This movie was a little reluctantly recommended to us at a writing group meeting, maybe a year ago. It’s been on my to-watch list, and during a recent temporary subscription to Starz, I noticed it was on there and took advantage of an evening by myself. (What?!? Oh, the few up-sides of pandemic life.) At least I think it was a reluctant recommend. If I remember correctly, the viewer had their reservations about how it dealt with the writing life.
Which is usually my central question when I watch a move that features a writer: how does it deal with the writing life? And this one is a mixed bag. While the movie is more about ambition and marriage, it uses a Nobel Prize-winning writer and his wife to do it. There were some things about it that were really interesting, like the glimpse into what it must be like to win the Nobel Prize for Literature, from the phone call to the ceremony to the schmoozing and interacting with the public, press, and all those people! Even the rock star status, which is something I have never thought about. What might be some negatives to winning this most coveted of prizes? What might go into getting it? Then again, though it was imperative that the writer win this prize in order to make the plot work, it is yet another movie (or book or TV show) about a writer who has succeeded against the odds and has had a very successful career. In other words, while interesting and perhaps inspiring, we’re still not seeing what the life of a normal writer is like. I mean, all this guy had to do was find the right partner and great writing spouted out and landed with all the right publishers and his writing changed the world. It does happen, but for once I’d like to see a more broadly experienced story about the writing life.
The truth is, as started to say above, this movie is much more about relationships and human nature than it is about the writing life, even though it features the writing life more prominently than almost any movie I’ve seen. It’s about aging. It’s about marriage. It’s about ambition. It’s about talent. It’s about dominance and submissiveness. A little bit, it’s about parenting or being parented. What would you do for success? I can’t say too much about this movie, because its gimmick is largely in the unraveling of the plot which, at times, is surprising. Let’s just say that it explores a darker side of humanity, despite the fact that the-worst-of-these keeps trying to reassure us that they have done nothing wrong. The real beauty in this movie is in the shades of gray, the shades of emotion, the shades of morality, which couldn’t have happened without the stellar acting. You’re almost lulled into discovering what has really happened and who these people really are. You almost lose your sense of right and wrong before you finally come to yourself, the frog already boiling in the pot. Again, I can’t discuss the ending for fear of ruining the movie for you. Don’t expect it to be super exciting, but it is superbly acted and pretty darn thoughtful. (There is one subplot that I thought was quite unnecessary and also I thought in one respect the acting of a particular emotion was too underdone. (Again, can’t say how.) There is also a quite uncomfortable sex scene right at the beginning, though funnily enough—as much as this movie is about sex, there’s not one scrap of nudity. I always had faith in the viewers that we could understand sex in a movie without having our noses rubbed in it.)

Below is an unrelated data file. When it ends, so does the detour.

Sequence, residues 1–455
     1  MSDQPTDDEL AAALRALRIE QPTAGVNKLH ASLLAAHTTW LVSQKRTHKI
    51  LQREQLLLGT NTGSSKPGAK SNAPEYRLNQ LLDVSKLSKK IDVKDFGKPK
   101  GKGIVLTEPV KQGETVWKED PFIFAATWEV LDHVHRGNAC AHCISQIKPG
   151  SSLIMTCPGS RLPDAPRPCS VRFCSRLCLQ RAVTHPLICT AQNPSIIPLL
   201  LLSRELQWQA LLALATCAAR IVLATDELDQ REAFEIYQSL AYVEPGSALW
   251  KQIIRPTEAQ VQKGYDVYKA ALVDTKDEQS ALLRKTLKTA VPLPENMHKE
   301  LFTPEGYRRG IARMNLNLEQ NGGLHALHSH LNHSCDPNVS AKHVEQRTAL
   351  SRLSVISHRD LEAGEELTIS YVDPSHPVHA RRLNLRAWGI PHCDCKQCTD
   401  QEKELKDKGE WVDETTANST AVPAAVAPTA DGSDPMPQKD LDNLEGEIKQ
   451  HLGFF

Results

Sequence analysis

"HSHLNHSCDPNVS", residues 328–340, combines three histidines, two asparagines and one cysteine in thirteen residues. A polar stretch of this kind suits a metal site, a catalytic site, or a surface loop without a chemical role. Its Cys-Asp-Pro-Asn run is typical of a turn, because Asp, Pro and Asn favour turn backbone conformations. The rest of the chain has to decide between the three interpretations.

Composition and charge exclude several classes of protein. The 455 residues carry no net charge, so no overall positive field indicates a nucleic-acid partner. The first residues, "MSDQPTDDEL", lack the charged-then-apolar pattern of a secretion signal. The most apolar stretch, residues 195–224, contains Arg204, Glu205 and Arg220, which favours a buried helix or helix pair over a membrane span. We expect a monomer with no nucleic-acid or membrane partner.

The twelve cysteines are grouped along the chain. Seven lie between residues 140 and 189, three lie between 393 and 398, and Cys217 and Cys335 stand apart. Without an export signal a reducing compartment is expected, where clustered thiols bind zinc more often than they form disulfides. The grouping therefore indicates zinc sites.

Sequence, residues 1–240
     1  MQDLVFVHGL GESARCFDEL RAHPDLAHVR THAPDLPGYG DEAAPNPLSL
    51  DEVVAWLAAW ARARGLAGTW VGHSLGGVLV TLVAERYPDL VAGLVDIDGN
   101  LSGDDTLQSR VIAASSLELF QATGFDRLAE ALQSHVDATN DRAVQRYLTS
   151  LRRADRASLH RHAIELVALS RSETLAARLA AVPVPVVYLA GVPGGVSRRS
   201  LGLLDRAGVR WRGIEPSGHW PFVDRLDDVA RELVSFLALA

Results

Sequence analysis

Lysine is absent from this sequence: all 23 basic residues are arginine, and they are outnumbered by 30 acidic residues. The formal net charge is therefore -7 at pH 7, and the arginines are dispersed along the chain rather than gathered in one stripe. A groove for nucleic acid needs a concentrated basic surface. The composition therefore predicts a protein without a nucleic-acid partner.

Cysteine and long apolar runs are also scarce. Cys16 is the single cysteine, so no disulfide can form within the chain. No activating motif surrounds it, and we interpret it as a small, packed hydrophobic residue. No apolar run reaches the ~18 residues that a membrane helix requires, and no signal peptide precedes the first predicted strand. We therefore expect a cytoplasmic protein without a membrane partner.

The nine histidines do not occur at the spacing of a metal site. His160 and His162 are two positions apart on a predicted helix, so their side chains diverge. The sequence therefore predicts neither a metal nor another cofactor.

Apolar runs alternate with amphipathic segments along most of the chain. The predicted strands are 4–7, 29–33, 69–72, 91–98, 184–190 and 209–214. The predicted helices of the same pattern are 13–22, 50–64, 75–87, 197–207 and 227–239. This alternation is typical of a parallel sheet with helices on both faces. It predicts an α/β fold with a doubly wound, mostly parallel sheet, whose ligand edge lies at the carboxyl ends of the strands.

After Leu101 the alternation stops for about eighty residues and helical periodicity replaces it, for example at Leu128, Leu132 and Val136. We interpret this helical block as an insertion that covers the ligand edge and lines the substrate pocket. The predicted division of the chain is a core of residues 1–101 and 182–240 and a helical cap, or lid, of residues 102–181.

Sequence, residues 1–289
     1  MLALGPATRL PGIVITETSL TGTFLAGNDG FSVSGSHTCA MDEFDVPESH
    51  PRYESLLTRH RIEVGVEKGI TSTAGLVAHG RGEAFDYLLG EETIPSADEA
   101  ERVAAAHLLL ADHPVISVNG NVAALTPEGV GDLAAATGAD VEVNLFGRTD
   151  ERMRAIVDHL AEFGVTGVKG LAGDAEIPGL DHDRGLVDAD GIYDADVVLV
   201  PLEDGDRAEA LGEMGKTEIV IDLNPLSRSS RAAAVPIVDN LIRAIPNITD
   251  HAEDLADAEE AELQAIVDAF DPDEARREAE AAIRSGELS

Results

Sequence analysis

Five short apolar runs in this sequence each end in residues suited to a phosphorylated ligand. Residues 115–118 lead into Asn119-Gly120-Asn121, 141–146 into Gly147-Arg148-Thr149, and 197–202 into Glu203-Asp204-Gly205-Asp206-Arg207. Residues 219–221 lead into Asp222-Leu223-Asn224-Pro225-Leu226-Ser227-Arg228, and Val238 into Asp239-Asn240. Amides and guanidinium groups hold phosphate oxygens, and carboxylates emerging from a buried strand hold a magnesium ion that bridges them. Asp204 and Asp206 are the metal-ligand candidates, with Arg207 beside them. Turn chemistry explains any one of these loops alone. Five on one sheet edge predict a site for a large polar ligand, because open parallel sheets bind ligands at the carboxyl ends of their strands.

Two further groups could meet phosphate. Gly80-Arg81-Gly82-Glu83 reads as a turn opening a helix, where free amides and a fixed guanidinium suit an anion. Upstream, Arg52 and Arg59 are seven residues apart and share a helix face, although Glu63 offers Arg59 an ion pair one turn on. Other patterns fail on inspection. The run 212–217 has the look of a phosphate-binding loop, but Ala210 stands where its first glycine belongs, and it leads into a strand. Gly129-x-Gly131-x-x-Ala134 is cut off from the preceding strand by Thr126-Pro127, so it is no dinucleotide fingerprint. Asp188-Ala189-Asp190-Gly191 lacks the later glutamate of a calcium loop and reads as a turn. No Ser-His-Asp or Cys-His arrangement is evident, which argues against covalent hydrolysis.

I have also heard that it is better the second time around, when you can watch the actors while you already know their secrets. I could totally see that being the case.
Not my favorite movie by a long shot, but I could really see using this to teach acting or story-telling, discuss ambition and deception, or just to celebrate Glenn Close.